I am standing firmly on the slippery slope.

Several months ago I gave up the belief that the Bible is inerrant. I had been taught this ever since I was “born again” at age 15 and never questioned it. I was told this was the hallmark of a good Christian: they don’t question the inerrancy of Scripture. And I was a good Christian.

What is inerrancy? Dave Miller gives a good description when he states

“Inerrant” means “wholly true” or “without mistake” and refers to the fact that the biblical writers were absolutely errorless, truthful, and trustworthy in all of their affirmations. The doctrine of inerrancy does not confine itself to moral and religious truth alone. Inerrancy extends to statements of fact, whether scientific, historical, or geographical. The biblical writers were preserved from the errors that appear in all other books.

I completely bought into this belief. I wanted the bumper sticker that proclaimed “The Bible said it, I believe it and that settles it.” I would argue with people about minute points of contention. I read and re-read Josh McDowell’s Evidence That Demands a Verdict. But as I matured as a person and as a Christian I began to harbor secret doubts. I love reading about astronomy and quickly ran into descriptions of how old the universe is. Apparently 6,000 years is not quite enough time. Why were there no dinosaurs mentioned in the Bible? Are gays really deserving of punishment when it appears that is how they were put together in utero? How exactly did Judas die?

I would vacillate back and forth between the inerrant view and my increasing doubts. I was regularly told that “great and grave confusion results from ceasing to maintain the total truth of the Bible whose authority one professes to acknowledge.” The reality of my life was that I was already experiencing great and grave confusion from trying to reconcile a literal interpretation of the Bible what I was learning from science and history. Mark Mattison sums up the problem nicely:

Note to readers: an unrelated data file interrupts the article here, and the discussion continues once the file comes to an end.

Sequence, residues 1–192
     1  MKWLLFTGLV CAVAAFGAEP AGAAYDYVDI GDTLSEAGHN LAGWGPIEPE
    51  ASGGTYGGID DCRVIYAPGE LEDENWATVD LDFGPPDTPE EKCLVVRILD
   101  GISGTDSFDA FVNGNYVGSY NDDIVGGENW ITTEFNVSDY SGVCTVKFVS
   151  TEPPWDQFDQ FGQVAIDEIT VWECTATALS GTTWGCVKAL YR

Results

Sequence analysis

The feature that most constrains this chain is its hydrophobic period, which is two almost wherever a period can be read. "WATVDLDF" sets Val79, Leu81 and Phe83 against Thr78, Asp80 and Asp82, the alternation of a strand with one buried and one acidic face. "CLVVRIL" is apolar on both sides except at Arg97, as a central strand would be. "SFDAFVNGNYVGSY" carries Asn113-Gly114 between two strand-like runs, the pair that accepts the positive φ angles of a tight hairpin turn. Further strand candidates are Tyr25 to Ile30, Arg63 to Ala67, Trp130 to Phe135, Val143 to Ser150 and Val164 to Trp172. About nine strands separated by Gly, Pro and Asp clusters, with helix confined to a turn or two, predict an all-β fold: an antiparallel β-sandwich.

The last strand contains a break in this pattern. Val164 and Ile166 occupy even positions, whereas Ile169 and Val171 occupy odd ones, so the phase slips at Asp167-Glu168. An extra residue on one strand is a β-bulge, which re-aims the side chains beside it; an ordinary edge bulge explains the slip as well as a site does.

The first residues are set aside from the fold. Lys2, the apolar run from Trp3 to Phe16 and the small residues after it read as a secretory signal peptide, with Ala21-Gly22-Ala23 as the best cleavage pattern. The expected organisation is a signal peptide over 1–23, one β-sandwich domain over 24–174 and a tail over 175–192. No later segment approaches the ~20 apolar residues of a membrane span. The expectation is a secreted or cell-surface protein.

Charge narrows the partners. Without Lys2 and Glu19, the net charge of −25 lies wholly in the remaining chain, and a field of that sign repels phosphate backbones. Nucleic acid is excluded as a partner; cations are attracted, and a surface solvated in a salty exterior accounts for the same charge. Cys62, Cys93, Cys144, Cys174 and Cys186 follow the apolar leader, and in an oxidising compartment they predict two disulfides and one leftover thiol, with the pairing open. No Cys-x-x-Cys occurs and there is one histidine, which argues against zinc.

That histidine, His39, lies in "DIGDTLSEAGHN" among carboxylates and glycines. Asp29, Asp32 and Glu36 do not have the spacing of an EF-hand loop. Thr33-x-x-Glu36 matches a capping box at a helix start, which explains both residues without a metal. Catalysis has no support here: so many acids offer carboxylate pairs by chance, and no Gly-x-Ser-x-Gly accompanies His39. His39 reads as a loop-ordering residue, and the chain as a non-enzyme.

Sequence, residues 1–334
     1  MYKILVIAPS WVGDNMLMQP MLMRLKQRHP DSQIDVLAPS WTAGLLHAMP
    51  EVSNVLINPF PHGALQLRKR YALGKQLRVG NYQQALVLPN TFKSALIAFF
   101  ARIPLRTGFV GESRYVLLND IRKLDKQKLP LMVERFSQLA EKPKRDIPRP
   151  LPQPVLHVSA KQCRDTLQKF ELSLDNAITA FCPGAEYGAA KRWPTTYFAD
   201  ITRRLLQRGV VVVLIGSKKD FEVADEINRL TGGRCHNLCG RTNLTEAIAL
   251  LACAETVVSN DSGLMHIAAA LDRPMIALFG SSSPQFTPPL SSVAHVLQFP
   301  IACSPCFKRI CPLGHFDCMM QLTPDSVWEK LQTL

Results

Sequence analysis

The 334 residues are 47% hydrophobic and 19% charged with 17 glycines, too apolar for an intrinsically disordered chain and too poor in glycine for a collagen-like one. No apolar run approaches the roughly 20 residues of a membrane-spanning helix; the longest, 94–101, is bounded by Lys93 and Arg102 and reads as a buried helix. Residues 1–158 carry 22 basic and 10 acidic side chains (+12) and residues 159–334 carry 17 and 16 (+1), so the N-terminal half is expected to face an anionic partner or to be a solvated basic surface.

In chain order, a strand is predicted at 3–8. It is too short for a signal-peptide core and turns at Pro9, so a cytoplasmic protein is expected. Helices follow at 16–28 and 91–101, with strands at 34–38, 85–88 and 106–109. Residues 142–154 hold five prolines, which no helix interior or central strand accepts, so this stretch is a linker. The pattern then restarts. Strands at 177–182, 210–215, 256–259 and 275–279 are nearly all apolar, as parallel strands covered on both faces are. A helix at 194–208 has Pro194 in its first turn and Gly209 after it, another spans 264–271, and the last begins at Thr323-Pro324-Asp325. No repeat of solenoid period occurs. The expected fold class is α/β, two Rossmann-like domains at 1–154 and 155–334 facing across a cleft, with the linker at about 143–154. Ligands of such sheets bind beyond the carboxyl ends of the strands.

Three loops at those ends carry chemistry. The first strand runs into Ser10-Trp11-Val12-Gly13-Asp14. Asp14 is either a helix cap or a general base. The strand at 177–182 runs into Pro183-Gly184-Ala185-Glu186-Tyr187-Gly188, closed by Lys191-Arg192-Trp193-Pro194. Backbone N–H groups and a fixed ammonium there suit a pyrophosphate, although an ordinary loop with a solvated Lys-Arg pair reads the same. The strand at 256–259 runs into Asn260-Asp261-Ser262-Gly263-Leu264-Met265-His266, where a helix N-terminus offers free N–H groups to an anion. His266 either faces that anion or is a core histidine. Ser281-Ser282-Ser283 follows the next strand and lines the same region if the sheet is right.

Inerrancy as taught in many churches focuses too much attention on the Bible and not enough on what it teaches. It drives commentators to harmonize passages that were never meant to be harmonized, turning literary accounts of faith into wooden historical biographies and homogenizing Scripture in such a way as to overshadow the original authors’ individual meanings. Finally, it tends to weaken Christian faith by unnecessarily tying it to an indefensible Bibliology. Every historical detail, no matter how insignificant, becomes as important as the Resurrection of Jesus Christ. If in actual fact Caesar Augustus did not really order a census while Quirinius was governor of Syria – if it turns out there really was only one Gadarene demonaic rather than two – then the entire Bible becomes worthless and every tenet of Christian faith falls flat. If one single discrepancy emerges, it’s all over. This makes Christian faith an easy target for skeptics, and drives believers to unimaginable lengths to “defend” the Bible.

I am not prepared to paint my faith into a corner and then have to belligerently defend my territory.

I am now standing firmly on the slippery slope. You know the slippery slope don’t you? Once you stop believing that the Bible is free from error it’s just a short hop, skip and a jump to pantheism, atheism, secularism, Buddhism, child molesting, murder, rape and hell. Not necessarily in that order. Well so far I’m resisting. And as the details of how to successfully reconcile contradictory geneologies fades from memory I find I enjoy reading the Bible much more now. I can focus on the true messages of Scripture. God loves us so much that he sent his only son to save us. We should love our neighbors as we love ourselves. There is hope and meaning. Amen.